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Recently (in the full scope of time) got to go down to a newish bar in Seattle, called Black Cat, and I loved it, with its amazing metal-album-cover mural, friendly staff, fun and tasty drinks, and owner Dustin Haarstad, who makes a swell cocktail and is a darn friendly fellow himself. While there, I had a fantastic Calvados-based cocktail called A Rose in the Fall, and then (because I have a nice guardian angel) I got to write about the drink and the spot for the smiley Seattle magazine. You should go read all about A Rose in the Fall, and visit Black Cat, too. You’ll be happy, I’ll be happy, they’ll be happy, and the world needs more happy.
“That’s it, then” he said. “Now I’ll tell you where. I know a little room, a midget cocktail bar, just around the corner from the Ritz. Can’t miss it. It’s called the Blues-Chaser. And it’s like that, really. There’s never too much of a crowd there, and that way we won’t have to run too much interference. We have a date now, don’t forget.” “All right, we have a date.”
. . .
The place itself was intimate, confidence-inspiring, made to order for just such a rendezvous as ours. A regular postage stamp of a cocktail lounge; I’d never yet been in one as small. Heavily carpeted and hushed, but hushed in a relaxing, cozy way, not depressingly hushed. It was a little gem of a place, and I wonder now if it’s still there.
–Cornell Woolrich, The Black Angel
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Tom Silver’s big red and white face swam in an ocean of bar glasses hanging from a rack above the bar. He was the perfect bartender. He spoke when spoken to and otherwise stood leaning against the counter with his arms folded across the massive pad of his enormous gut. The drinks he made were clean and when you ordered call-booze you got what you called. When some woman you were with ordered a Gin Fizz or a Gold Cadillac, Tom made it quickly, correctly, and without the condescending leer of the bartender whose only desire is to stir a jigger of whiskey into a six-ounce tumbler with Seven-Up.
“Waddle it be, Mr. Roberts?”
“Old Grandad with water back, please Tom.”
— Gaylord Dodd, Hot Summer, Cold Murder
It was a little gas station and honky-tonk; the kind you see around the country with names like Burntwood Inn and Cozy Dell. This one was called Pine Cover Tavern and was crowded (there was no work in the fields because of the rain) with men in overalls and a couple of women in print dresses. We drew stares as we walked to a booth in the back. I felt wicked and daring, and though it was unlikely that any Shermanites would see me, I found that I didn’t really care if they did. I told Curt to order me a boilermaker: a glass of beer with a shot of bourbon inside it. He ordered the same for himself and drank silently for a few minutes.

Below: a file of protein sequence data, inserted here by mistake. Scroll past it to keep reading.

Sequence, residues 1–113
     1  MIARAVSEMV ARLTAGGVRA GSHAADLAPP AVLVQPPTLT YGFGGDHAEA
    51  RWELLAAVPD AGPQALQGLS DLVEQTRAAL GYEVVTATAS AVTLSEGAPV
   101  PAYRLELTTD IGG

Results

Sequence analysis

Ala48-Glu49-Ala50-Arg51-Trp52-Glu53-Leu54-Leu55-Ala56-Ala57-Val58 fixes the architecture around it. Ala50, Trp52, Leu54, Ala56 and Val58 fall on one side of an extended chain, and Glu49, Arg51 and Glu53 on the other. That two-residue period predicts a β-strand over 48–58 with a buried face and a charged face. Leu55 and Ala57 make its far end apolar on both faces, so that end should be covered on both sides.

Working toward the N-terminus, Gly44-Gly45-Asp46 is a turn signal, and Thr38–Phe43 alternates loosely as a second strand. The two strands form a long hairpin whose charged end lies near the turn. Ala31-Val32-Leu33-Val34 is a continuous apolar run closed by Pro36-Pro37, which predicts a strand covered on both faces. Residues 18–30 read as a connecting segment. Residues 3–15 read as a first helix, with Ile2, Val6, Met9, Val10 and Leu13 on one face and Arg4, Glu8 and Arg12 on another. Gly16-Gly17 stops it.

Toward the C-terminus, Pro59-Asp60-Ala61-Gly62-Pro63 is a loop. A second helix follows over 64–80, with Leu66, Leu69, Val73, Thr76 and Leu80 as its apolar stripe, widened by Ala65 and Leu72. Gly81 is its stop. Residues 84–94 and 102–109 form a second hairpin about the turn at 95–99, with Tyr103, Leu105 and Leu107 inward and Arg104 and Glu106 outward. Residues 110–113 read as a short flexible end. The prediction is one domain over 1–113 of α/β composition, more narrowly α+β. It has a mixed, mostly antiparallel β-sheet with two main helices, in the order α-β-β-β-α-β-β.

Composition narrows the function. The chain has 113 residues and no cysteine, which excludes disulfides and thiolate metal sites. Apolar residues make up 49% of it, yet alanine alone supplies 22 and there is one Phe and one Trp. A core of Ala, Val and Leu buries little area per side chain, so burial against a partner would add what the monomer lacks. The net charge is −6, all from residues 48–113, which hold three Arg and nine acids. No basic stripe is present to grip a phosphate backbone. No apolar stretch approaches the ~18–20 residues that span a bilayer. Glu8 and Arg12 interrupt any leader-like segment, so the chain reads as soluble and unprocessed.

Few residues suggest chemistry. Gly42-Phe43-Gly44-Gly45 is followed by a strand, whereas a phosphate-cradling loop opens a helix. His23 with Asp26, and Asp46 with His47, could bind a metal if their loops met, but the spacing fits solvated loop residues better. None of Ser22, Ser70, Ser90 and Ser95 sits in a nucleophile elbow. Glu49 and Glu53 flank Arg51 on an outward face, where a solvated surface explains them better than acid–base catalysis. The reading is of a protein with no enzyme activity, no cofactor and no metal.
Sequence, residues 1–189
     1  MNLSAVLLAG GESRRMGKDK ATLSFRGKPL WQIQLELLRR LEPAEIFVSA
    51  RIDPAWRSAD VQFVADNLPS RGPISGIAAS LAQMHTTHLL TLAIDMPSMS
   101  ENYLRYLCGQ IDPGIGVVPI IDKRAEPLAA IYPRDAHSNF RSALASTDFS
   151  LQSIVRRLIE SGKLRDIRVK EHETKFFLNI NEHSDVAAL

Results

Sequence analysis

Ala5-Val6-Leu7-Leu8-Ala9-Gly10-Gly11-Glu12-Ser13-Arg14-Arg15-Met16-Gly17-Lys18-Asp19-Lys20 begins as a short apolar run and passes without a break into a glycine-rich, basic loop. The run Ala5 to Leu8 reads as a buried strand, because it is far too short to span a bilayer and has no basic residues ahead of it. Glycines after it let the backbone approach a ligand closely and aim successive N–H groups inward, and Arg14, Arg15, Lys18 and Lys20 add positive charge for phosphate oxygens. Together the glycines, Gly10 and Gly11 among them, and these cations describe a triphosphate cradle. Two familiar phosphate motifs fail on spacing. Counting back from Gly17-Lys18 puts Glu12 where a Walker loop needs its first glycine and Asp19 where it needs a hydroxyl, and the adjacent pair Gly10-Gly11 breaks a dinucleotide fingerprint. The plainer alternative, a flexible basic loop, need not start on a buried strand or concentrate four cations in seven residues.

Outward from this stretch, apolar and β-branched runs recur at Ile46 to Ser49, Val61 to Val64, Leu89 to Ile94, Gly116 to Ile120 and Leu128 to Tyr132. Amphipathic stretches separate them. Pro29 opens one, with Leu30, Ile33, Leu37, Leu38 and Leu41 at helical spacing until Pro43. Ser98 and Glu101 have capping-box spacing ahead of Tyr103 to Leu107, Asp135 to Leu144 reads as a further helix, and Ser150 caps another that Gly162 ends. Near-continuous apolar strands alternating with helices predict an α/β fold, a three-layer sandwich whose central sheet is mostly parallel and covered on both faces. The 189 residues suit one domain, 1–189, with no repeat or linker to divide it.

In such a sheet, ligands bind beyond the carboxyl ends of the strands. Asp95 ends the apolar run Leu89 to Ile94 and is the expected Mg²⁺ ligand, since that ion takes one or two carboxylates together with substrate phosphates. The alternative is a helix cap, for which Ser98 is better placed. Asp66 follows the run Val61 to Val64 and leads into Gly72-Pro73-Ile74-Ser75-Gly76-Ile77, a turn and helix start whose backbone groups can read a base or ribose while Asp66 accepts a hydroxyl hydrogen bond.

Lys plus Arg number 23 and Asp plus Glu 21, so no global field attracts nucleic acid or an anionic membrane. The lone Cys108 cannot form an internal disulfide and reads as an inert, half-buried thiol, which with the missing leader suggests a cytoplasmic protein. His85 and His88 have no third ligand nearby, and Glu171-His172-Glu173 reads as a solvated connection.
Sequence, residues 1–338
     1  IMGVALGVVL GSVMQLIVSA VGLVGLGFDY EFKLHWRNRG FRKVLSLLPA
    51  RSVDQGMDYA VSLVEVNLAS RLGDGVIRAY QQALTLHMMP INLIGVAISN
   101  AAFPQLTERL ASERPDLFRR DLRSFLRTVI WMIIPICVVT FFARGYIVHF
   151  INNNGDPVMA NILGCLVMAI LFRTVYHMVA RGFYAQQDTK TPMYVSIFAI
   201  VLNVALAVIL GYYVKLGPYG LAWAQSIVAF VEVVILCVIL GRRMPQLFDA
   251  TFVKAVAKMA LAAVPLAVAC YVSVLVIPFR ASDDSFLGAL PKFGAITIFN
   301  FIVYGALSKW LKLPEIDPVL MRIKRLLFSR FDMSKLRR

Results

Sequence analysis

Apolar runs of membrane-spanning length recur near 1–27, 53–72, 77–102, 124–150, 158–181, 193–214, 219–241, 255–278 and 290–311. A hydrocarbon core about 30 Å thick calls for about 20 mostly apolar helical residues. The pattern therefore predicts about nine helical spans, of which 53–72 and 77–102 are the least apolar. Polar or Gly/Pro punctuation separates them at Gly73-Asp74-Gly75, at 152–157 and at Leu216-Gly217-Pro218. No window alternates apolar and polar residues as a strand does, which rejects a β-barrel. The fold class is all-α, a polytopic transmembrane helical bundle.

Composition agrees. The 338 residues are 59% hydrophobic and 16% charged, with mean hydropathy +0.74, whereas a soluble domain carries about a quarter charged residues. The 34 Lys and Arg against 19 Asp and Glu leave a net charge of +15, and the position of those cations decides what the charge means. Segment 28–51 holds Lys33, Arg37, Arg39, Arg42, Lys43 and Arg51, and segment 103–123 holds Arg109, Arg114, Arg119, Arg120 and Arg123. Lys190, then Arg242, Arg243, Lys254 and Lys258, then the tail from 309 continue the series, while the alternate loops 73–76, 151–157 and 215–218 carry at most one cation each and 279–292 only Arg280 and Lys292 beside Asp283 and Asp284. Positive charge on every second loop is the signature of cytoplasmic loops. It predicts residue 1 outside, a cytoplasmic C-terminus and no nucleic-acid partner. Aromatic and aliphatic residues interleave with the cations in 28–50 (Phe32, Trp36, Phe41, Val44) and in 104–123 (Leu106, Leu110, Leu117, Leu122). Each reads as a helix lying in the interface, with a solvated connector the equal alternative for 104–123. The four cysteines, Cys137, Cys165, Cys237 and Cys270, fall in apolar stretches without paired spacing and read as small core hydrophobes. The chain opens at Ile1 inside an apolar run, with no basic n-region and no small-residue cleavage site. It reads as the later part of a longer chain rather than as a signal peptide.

–Charles Runyon, The Prettiest Girl I Ever Killed
She looked at him gravely and decided that he was undoubtedly a superior bartender, which would make him very superior indeed. It might seem unlikely on first thought that a superior bartender would be working in a little unassuming bar that was only trying to get along, but on second thought it didn’t seem unlikely at all, for it was often the little unassuming places that had genuine quality and character and were perfectly what they were supposed to be, which was rare, and it was exactly such a place in which a superior bartender would want to work, even at some material sacrifice. She felt a great deal of respect for this honest and dedicated bartender. She was certain that she could rely on him implicitly.
“Perhaps you can help me,” she said. “In your opinion, what have I been drinking?”
“You look like a Martini to me,” he said.
“Really, a Martini?”
“That’s right. The second you came in I said to myself that you were a Martini.”
–Fletcher Flora, Park Avenue Tramp